If the user previously visited the Vidya website and indicated a preference for Dark Mode OR if there is no preference established and system settings are set for Dark Mode, then activate Dark Mode by attaching the dark class attribute to the root. Otherwise, apply Light Mode by removing any dark class attribute.
Here is the
darkMode.js script that does exactly that:
That's a straightforward conditional, which might even short-circuit, and DOM manipulation. That should be fast. Phew!
And here is how we execute it before browser paint with Next.js's
Script tag inside our
beforeInteractive strategy is the key. This tells Next.js to block everything until the script is finished. Again,
you need to use this strategy very carefully, but it's necessary and proper in this instance.
So thanks to Tailwind CSS and Next.js, we can successfully apply Dark Mode based on user preferences one way or another
when the Vidya website loads. The last step is to give the user a chance to switch modes and to save that preference to
With Great Effects Come Great Responsibility
When Facebook revolutionized React with Hooks, it was a game changer, but even now, years later, they can be confusing. Let's
see how we can use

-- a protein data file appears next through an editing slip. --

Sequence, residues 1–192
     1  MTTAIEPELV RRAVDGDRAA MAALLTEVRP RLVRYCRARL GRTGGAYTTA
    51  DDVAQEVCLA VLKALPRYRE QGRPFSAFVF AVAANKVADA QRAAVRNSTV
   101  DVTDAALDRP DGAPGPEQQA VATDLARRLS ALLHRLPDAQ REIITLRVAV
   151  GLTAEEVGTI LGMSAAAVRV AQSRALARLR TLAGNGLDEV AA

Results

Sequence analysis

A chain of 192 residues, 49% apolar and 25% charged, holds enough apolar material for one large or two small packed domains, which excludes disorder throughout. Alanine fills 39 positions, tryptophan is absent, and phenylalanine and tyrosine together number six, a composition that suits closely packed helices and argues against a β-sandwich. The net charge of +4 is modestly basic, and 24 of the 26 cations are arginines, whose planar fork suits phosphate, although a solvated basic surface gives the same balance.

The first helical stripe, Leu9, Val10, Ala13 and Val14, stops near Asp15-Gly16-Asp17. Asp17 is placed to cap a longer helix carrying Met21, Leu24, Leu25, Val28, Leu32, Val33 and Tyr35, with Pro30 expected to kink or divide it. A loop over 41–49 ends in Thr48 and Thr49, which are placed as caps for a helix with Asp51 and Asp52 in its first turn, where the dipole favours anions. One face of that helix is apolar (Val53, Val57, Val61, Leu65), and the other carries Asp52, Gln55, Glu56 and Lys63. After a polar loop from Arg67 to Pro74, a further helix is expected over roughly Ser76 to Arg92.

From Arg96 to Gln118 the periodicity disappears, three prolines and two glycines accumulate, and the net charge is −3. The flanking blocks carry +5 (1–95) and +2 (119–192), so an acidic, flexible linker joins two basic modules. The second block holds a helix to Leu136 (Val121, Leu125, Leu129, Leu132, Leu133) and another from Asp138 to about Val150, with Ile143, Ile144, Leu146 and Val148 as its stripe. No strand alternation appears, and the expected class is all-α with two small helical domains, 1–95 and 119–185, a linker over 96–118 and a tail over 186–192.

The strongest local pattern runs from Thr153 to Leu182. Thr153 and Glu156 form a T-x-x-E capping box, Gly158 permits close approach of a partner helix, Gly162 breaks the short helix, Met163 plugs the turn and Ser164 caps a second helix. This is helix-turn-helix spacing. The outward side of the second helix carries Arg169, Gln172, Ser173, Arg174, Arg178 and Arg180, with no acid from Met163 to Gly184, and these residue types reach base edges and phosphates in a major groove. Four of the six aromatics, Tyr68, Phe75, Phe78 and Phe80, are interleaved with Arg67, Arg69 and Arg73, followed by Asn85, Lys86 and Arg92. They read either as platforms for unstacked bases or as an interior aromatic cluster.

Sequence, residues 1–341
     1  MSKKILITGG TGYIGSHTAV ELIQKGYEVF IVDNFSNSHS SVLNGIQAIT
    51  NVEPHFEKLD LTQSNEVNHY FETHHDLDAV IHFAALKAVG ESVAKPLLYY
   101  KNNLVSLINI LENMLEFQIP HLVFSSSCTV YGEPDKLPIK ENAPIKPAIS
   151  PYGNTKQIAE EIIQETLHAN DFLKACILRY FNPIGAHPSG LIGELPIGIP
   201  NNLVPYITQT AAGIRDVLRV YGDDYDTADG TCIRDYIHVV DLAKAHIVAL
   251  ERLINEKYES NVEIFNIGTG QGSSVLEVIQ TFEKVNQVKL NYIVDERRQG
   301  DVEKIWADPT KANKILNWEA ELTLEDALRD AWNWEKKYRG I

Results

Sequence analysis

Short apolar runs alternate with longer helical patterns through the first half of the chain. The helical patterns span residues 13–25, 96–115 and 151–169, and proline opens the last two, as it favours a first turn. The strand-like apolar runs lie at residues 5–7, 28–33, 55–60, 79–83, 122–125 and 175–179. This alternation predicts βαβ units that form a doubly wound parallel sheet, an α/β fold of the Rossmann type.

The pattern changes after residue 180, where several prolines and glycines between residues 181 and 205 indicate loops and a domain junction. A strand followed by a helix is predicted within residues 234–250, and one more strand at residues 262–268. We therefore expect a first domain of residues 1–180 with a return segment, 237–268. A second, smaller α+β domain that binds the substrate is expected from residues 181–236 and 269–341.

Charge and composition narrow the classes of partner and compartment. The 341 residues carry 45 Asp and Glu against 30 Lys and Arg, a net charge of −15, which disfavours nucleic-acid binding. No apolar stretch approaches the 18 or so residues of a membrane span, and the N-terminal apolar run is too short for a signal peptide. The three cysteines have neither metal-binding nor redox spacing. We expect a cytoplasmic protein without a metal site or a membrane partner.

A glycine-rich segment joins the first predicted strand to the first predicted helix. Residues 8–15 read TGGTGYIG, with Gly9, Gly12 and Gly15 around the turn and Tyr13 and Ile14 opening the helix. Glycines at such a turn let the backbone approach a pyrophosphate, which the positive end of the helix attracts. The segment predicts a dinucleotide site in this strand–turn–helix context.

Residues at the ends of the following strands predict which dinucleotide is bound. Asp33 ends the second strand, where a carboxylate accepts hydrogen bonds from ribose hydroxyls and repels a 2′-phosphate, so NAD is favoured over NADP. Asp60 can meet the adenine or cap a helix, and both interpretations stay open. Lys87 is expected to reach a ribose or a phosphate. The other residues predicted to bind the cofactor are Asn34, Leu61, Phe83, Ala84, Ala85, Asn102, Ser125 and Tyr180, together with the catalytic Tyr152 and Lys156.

useEffect to complete our Dark Mode solution.
The work we did with Tailwind CSS and the
Script tag presents our user interface exactly as it should look from what we know so far, but React needs to
manage that preference to change it as the user dictates. There are two steps:
- React needs to be made aware of the initial Dark Mode preference and keep an eye on it.
- If the user changes that preference, React needs to add or remove the
darkclass from the root and persist the choice in
These are two different effects. We will localize them where they matter most, the
ThemeButton the user clicks to switch modes.
Before we get into those, lets prepare to maintain state:
Although we really want
darkMode to be
false, we need to initialize it with
undefined because we don't know what
it is until the first effect runs.